Maintaining group memberships: Social identity continuity predicts well-being after stroke

Haslam, Catherine, Holme, Abigail, Haslam, Alexander, Iyer, Aarti, Jetten, Jolanda and Williams, W. Huw (2008) Maintaining group memberships: Social identity continuity predicts well-being after stroke. Neuropsychological Rehabilitation, 18 5-6: 671-691. doi:10.1080/09602010701643449


Author Haslam, Catherine
Holme, Abigail
Haslam, Alexander
Iyer, Aarti
Jetten, Jolanda
Williams, W. Huw
Title Maintaining group memberships: Social identity continuity predicts well-being after stroke
Journal name Neuropsychological Rehabilitation   Check publisher's open access policy
ISSN 1464-0694
0960-2011
Publication date 2008-12
Sub-type Article (original research)
DOI 10.1080/09602010701643449
Volume 18
Issue 5-6
Start page 671
End page 691
Total pages 21
Place of publication Hove, England
Publisher Psychology Press
Language eng
Subject 170113 Social and Community Psychology
1701 Psychology
Abstract A survey study of patients recovering from stroke (N = 53) examined the extent to which belonging to multiple groups prior to stroke and the maintenance of those group memberships (as measured by the Exeter Identity Transitions Scales, EXITS) predicted well-being after stroke. Results of correlation analysis showed that life satisfaction was associated both with multiple group memberships prior to stroke and with the maintenance of group memberships. Path analysis indicated that belonging to multiple groups was associated with maintained well-being because there was a greater likelihood that some of those memberships would be preserved after stroke-related life transition. Furthermore, it was found that cognitive failures compromised well-being in part because they made it hard for individuals to maintain group memberships post-stroke. These findings highlight the importance of social identity continuity in facilitating well-being following stroke and, more broadly, show the theoretical contribution that a social identity approach to mental health can make in the context of neuropsychological rehabilitation.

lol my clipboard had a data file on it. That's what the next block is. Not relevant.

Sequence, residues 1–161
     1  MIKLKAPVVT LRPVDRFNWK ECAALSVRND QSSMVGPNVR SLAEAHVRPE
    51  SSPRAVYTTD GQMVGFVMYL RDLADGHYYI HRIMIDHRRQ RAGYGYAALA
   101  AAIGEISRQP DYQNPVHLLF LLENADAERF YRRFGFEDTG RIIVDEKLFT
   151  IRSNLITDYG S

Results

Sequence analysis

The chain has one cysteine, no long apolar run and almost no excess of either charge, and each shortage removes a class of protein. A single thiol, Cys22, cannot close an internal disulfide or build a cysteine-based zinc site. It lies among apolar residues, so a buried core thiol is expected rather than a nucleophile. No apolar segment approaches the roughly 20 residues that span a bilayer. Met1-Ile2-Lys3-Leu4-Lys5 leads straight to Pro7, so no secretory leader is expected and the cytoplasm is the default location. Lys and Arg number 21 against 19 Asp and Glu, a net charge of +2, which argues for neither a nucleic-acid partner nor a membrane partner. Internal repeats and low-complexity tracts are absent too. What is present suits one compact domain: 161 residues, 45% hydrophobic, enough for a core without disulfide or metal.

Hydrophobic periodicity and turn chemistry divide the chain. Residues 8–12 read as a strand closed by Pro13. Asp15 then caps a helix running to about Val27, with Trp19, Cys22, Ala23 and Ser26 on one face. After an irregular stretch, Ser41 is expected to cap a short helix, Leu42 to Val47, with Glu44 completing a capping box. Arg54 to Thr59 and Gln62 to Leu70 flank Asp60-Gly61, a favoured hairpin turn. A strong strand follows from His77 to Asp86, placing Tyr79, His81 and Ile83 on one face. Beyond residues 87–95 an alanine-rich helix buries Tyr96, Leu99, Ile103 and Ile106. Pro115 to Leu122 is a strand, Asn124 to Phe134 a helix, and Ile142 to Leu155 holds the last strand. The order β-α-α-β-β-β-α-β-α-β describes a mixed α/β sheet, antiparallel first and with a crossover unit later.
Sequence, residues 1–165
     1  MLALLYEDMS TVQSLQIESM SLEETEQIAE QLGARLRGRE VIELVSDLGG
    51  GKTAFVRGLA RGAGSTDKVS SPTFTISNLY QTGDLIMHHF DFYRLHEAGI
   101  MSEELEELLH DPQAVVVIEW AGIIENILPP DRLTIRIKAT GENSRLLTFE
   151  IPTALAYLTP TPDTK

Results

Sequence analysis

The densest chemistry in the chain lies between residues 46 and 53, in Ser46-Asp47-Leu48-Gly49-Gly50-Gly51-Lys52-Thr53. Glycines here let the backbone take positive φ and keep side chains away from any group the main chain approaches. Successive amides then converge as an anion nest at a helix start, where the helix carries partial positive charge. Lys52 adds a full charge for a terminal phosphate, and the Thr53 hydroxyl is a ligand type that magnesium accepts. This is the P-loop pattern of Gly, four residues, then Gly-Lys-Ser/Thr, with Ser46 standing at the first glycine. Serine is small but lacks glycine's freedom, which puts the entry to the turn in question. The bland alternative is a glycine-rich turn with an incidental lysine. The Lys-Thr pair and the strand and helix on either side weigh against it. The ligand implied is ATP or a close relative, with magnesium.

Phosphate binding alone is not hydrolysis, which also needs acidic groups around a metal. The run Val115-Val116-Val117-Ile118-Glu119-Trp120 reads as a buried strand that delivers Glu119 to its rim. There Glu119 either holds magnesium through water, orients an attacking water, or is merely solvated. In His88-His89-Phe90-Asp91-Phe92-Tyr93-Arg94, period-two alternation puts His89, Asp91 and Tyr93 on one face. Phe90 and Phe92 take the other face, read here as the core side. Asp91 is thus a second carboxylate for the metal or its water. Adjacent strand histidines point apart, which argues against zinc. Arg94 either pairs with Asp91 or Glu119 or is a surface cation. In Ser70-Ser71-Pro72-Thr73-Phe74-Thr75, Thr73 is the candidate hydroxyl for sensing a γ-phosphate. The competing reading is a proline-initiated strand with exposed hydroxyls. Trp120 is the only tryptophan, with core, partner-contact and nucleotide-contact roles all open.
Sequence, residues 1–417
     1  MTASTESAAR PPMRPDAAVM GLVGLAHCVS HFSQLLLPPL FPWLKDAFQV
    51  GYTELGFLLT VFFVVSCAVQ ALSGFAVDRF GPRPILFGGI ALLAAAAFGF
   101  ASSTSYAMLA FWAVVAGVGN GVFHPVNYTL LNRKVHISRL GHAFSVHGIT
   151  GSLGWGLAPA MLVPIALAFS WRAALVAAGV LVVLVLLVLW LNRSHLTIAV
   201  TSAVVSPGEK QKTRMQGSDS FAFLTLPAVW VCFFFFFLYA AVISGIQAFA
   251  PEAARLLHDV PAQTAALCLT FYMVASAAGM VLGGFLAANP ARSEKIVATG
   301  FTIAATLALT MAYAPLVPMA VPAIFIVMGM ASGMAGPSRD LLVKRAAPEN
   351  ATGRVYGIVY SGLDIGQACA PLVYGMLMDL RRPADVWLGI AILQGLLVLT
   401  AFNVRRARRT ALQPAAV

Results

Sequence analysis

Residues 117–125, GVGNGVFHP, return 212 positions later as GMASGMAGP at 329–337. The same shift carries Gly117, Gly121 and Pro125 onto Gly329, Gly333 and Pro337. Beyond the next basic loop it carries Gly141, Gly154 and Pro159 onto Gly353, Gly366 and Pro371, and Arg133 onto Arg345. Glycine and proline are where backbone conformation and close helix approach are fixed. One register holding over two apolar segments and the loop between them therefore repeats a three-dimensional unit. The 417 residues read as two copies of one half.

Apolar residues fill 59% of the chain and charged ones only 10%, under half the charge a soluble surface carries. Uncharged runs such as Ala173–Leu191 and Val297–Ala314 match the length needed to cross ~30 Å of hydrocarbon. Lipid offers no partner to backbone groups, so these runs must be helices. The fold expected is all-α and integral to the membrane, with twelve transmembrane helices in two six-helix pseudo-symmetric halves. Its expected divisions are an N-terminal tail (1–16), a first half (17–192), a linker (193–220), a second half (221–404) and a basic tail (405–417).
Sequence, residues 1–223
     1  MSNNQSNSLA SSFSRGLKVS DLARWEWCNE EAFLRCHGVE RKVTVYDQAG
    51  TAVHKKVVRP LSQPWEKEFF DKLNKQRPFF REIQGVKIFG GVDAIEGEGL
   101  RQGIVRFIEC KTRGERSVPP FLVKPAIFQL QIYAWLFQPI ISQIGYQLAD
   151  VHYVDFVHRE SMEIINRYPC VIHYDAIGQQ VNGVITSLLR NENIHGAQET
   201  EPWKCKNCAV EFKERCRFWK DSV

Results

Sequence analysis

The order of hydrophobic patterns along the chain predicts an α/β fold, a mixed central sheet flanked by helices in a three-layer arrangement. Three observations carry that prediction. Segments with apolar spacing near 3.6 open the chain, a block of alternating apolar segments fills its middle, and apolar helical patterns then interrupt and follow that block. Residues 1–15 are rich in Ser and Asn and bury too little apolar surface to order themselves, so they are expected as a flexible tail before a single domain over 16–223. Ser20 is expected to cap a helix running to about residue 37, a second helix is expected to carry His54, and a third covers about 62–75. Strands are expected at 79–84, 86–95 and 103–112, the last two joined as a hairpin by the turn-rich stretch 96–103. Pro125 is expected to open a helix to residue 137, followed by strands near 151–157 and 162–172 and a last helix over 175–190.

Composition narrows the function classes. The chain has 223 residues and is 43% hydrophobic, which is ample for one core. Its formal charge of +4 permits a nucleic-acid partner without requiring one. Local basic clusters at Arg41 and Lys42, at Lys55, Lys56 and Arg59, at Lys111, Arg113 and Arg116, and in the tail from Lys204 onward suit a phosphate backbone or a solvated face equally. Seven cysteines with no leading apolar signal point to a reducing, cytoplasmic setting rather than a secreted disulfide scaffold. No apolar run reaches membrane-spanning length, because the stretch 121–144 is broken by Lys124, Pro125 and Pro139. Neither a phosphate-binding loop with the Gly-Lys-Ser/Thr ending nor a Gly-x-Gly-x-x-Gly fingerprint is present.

Keyword Neuropsychological Rehabilitation
Neuropsychology
Rehabilitation Medicine
Q-Index Code C1
Q-Index Status Provisional Code

Document type: Journal Article
Sub-type: Article (original research)
Collections: Excellence in Research Australia (ERA) - Collection
School of Psychology Publications
 
Versions
Version Filter Type
Citation counts: TR Web of Science Citation Count  Cited 94 times in Thomson Reuters Web of Science Article | Citations
Scopus Citation Count Cited 105 times in Scopus Article | Citations
Google Scholar Search Google Scholar
Created: Thu, 18 Dec 2008, 16:56:50 EST by Diana Guillemin on behalf of Faculty of Social & Behavioural Sciences